By 1976, the courage of pension managers rose in tandem with the price level, and 56% of available funds was committed to stocks. The Dow that year averaged close to 1,000, a level then about 25% above book value.
In 1978, stocks were valued far more reasonably, with the Dow selling below book value most of the time. Yet a new low of 9% of net funds was invested in equities during the year. The first quarter of 1979 continued at very close to the same level.
By these actions, pension managers, in record-setting manner, are voting for purchase of bonds--at interest rates of 9% to 10%--and against purchase of American equities at prices aggregating book value or less. But these same pension managers probably would concede that those American equities, in aggregate and over the longer term, would earn about 13% (the average in recent years) on book value. And, overwhelmingly, the managers of their corporate sponsors would agree.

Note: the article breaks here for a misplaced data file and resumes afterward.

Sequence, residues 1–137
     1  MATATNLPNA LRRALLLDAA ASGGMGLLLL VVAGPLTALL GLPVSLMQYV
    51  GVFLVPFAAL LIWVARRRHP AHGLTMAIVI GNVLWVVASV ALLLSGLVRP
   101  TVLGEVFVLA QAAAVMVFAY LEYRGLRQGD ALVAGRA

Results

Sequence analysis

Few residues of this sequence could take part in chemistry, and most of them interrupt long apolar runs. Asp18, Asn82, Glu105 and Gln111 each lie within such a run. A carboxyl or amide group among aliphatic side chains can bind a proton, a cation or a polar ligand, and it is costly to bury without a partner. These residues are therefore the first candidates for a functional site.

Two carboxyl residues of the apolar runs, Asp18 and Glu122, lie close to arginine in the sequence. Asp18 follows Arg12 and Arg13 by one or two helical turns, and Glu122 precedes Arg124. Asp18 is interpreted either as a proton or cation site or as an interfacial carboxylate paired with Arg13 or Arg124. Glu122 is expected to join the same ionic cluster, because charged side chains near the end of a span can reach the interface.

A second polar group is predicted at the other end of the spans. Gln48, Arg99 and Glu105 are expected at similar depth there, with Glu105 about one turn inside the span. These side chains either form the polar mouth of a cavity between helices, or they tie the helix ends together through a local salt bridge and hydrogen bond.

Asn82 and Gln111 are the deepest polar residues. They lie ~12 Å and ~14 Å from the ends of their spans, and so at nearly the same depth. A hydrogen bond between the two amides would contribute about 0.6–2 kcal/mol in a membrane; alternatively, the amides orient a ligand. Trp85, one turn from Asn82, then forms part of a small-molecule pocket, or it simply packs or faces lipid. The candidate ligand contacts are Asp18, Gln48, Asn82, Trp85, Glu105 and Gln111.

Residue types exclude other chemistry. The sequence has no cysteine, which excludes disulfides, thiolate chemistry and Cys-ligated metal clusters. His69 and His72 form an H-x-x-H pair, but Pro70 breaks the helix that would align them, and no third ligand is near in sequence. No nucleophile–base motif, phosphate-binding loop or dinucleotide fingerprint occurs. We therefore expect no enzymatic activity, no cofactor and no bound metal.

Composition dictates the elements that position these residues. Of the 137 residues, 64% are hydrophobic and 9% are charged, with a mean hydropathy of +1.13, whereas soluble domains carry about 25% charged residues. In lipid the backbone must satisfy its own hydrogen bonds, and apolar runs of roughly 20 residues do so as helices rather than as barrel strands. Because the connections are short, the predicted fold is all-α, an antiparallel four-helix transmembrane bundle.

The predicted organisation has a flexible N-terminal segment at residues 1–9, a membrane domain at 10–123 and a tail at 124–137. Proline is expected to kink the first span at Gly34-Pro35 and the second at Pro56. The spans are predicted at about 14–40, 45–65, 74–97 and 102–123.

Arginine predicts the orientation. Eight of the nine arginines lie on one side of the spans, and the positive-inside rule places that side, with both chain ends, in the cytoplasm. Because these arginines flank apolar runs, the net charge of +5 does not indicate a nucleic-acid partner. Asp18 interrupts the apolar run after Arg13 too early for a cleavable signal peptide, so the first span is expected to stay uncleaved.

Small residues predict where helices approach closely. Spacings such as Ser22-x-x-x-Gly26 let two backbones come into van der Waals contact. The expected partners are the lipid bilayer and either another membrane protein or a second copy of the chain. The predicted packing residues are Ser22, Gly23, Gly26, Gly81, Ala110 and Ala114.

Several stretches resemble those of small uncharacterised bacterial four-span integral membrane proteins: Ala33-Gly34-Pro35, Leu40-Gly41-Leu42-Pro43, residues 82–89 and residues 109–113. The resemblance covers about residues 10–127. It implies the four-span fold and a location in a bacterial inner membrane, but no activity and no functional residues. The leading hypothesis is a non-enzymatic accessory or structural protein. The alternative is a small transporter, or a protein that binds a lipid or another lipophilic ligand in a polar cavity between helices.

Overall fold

Many corporate managers, in fact, exhibit a bit of schizophrenia regarding equities. They consider their own stocks to be screamingly attractive. But, concomitantly, they stamp approval on pension policies rejecting purchases of common stocks in general. And the boss, while wearing his acquisition hat, will eagerly bid 150% to 200% of book value for businesses typical of corporate America but, wearing his pension hat, will scorn investment in similar companies at book value. Can his own talents be so unique that he is justified both in paying 200 cents on the dollar for a business if he can get his hands on it, and in rejecting it as an unwise pension investment at 100 cents on the dollar if it must be left to be run by his companions at the Business Roundtable?
A simple Pavlovian response may be the major cause of this puzzling behavior. During the last decade, stocks have produced pain--both for corporate sponsors and for the investment managers the sponsors hire. Neither group wishes to return to the scene of the accident. But the pain has not been produced because business has performed badly, but rather because stocks have underperformed business. Such underperformance cannot prevail indefinitely, any more than could the earlier overperformance of stocks versus business that lured pension money into equities at high prices.